We enjoy contributing to the Free Open Access Medical education (FOAM) community. Creating FOAM is not free and requires significant costs in time and money. Yet, we find this investment invaluable and appreciate everyone who listens, as well as those who champion our endeavor (including the supportive people in our life that tolerate “FOAMcast dates” and tiptoe around whilst recording). We would also like to thank everyone who has contributed by means of post-publication peer review (Brett Schupack, Dr. Marc Probst, Dr. Gabriel Cade, Dr. Iain Beardsell, and countless others). Please continue to not only let us know when we get it right, but also when we get it wrong. We appreciate the suggestions, praise, feedback, and corrections.
Given our love of spaced repetition, we review our favorite pearls and mnemonics from the past year.
Cord – complete cord syndrome that persists longer than 24 hours is highly unlikely to have any motor recovery. These patients need urgent intervention. This is we must differentiate between the complete and incomplete cord syndromes. Complete = “total loss of motor power and sensation distal to the site of the spinal injury.”
Knee/Leg– Beware knee dislocations. Of patients with popliteal disruption, the amputation rate rises to 90% 8 hours after the injury without surgical intervention.
Time is skin?
Hey Jeremy, re burns – surely needed a ‘Time is skin’?? @FOAMpodcast
Caution with calcium channel blockers – may lead to hyperkalemia or myocardial depression
Dantrolene has also been used in severe dinitrophenol (industrial chemical and weight loss supplement) toxicity – see this Poison Review post.
The Bread and Butter
We cover syndromes associated with psychiatric medications and polypharmacy including neuroleptic malignant syndrome (NMS), serotonin syndrome, and some extrapyramidal side effects. We do this based on Rosen’s Emergency and Tintinalli. But, don’t just take our word for it. Go enrich your fundamental understanding yourself.
Neuroleptic Malignant Syndrome
Caused by atypical antipsychotics, rare, idiosyncratic and may persist for 2+ weeks after discontinuation of the offending medication
Symptoms – Varied diagnostic criteria but requires temp >100.4F + muscle rigidity + at least two of the following (in rough order of frequency):
Elevated creatine kinase
Labile blood pressure
Treatment – remove offending agents, supportive care (intravenous fluids, cooling), benzodiazepines. Dantrolene, amantadine, and bromocriptine are not recommended.
(PV card from Academic Life in Emergency Medicine). Caution with the elderly as these symptoms may be attributed to infection or delirium (and vice versa).
Symptoms – Classical clinical triad of AMS + Autonomic instability (Hyperthermia, Tachycardia, diaphoresis) + Neuromuscular Abnormalities: Myoclonus, ocular clonus, rigidity, hyperreflexia, tremor. Yet like most clinical triads, this performs poorly. The Hunter Criteria are often used (Sensitivity ~84%):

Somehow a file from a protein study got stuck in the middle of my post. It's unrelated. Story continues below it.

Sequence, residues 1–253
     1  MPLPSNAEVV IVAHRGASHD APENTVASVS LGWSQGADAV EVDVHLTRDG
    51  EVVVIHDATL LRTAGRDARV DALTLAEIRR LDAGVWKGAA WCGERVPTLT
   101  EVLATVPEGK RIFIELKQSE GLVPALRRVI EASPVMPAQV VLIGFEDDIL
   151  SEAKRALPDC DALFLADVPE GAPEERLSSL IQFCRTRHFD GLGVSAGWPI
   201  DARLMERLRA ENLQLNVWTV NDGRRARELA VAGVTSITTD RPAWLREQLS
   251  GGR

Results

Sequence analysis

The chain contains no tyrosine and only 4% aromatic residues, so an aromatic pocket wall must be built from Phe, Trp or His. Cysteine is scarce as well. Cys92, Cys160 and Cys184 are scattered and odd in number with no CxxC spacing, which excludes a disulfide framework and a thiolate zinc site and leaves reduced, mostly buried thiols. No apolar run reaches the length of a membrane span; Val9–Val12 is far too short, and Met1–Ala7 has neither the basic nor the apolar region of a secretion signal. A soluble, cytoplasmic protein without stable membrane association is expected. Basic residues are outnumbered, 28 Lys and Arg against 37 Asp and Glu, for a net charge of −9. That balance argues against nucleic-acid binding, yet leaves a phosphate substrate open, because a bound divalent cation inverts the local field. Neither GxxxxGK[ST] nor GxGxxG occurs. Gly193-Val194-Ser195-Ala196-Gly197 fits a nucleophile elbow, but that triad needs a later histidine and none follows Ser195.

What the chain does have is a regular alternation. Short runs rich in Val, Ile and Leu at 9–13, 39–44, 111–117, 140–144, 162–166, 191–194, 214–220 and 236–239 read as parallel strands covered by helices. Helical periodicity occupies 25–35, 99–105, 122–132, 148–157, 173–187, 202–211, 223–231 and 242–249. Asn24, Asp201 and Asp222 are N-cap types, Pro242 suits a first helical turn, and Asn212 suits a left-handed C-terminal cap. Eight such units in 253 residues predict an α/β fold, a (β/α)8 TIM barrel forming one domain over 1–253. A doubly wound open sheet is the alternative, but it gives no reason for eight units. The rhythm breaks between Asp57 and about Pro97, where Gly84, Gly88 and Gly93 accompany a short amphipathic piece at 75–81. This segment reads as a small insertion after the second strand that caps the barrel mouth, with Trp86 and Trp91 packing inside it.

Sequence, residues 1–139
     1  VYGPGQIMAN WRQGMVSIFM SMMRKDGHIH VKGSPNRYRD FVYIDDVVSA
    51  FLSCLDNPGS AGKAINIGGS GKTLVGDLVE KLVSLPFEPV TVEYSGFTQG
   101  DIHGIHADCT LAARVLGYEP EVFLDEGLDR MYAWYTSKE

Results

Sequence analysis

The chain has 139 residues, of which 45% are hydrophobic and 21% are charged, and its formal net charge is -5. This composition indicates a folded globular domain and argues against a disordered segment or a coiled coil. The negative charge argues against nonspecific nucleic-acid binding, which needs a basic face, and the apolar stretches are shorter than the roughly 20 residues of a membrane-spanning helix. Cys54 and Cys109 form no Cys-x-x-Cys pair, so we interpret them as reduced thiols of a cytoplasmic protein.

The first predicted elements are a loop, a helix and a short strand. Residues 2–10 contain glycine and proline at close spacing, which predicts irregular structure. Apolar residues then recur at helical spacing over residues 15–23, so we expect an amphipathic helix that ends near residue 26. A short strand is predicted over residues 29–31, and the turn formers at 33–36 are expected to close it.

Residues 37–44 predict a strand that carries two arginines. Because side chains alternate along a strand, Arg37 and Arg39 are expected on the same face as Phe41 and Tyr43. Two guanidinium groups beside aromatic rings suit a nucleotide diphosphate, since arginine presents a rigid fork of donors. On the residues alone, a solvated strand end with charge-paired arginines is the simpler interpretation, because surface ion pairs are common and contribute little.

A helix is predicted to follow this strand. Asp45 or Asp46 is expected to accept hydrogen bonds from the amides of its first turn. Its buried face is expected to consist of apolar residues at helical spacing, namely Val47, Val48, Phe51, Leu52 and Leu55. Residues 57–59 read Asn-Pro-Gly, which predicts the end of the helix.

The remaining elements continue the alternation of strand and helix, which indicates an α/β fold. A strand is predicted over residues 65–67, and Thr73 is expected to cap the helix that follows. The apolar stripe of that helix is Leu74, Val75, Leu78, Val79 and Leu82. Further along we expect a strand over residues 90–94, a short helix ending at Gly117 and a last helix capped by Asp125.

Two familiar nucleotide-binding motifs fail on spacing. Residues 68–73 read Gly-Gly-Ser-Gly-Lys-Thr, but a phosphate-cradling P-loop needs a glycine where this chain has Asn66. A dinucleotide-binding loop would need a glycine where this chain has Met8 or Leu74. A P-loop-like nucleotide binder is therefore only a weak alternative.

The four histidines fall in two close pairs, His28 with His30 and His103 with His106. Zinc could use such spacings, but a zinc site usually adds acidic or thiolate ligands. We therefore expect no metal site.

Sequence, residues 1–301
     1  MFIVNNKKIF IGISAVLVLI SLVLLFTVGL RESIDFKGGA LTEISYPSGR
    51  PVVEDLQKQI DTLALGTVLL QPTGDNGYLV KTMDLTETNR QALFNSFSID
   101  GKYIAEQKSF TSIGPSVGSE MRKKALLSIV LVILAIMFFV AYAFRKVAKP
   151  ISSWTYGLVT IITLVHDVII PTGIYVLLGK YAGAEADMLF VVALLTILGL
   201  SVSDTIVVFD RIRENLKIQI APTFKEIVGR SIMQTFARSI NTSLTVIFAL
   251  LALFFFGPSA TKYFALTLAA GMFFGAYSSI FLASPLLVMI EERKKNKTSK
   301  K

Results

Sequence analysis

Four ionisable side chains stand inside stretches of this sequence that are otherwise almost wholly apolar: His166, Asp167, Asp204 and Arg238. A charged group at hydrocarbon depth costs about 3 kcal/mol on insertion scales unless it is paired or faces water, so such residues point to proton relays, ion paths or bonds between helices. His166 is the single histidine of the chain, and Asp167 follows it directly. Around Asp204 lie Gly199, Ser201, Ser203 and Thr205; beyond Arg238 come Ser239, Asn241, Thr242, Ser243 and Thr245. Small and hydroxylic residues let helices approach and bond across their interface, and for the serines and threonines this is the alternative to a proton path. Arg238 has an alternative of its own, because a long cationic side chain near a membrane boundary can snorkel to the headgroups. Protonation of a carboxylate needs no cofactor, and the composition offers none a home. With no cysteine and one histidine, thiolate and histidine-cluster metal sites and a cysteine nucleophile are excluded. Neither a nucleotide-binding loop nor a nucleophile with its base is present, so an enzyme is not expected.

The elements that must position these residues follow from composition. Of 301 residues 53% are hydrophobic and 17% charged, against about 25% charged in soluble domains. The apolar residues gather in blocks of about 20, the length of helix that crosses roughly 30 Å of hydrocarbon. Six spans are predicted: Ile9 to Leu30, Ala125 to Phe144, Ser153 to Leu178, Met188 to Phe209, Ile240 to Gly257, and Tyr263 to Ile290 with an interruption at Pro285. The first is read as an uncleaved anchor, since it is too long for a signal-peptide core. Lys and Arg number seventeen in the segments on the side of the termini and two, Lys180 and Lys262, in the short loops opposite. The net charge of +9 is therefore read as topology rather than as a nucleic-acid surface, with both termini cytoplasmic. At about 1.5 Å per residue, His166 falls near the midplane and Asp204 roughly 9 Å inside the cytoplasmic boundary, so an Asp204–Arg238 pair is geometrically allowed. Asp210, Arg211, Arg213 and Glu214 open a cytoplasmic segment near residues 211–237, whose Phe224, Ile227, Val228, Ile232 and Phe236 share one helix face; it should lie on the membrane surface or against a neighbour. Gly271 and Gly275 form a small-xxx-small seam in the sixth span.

Serotonergic agent plus 1 of the following:
Inducible clonus + agitation or diaphoresis
Ocular Clonus + agitation or diaphoresis
Tremor + hyperreflexia
Hypertonia + temp >38F AND ocular clonus or inducible clonus
Serotonin syndrome often begins with akathisia (restlessness) and body systems become increasingly “ramped up” with tremors, followed by altered mental status, and then incereasing amounts of rigidity (inducible clonus -> Sustained clonus (+/- ocular clonus) -> Muscular rigidity -> Hyperthermia -> Death)
Causes – While often associated with antidepressants, polypharmacy seems to be the culprit here. Serotonin syndrome is commonly associated with some of these medications
Question 1. A 35-year-old man presents with fever, hypertension and altered mental status. He was recently started on haloperidol for schizophrenia. Physical examination reveals a confused patient with muscle rigidity. [polldaddy poll=8842561]
1. C. FOAMcast editorial: This is an exercise in selecting the *best* answer, not the one that is most correct. You’ve probably noted that a benzodiazepine is not an option, the next best option is dantrolene.
This patient presents with signs and symptoms concerning for neuroleptic malignant syndrome (NMS) and should be treated with dantrolene. NMS is a life-threatening complication of neuroleptic drug treatment. It is rare and only effects 0.5 – 1% of patients receiving these drugs. Although it is more common with use of the typical neuroleptic medications, it can also be seen with the atypical agents. It usually occurs within the first few weeks of starting neuroleptic medications but can also be seen after an increase in dosage. NMS is characterized bymuscle rigidity, fever, altered mental status and autonomic instability. Muscle contraction leads to an elevated serum creatinine kinase. Due to similarities, the disease may be confused with serotonin syndrome. NMS can become complicated by respiratory, hepatic or renal failure, cardiovascular collapse, coagulopathy or gastrointestinal hemorrhage. Dantrolene is a direct acting muscle relaxant that can be beneficial in severe cases.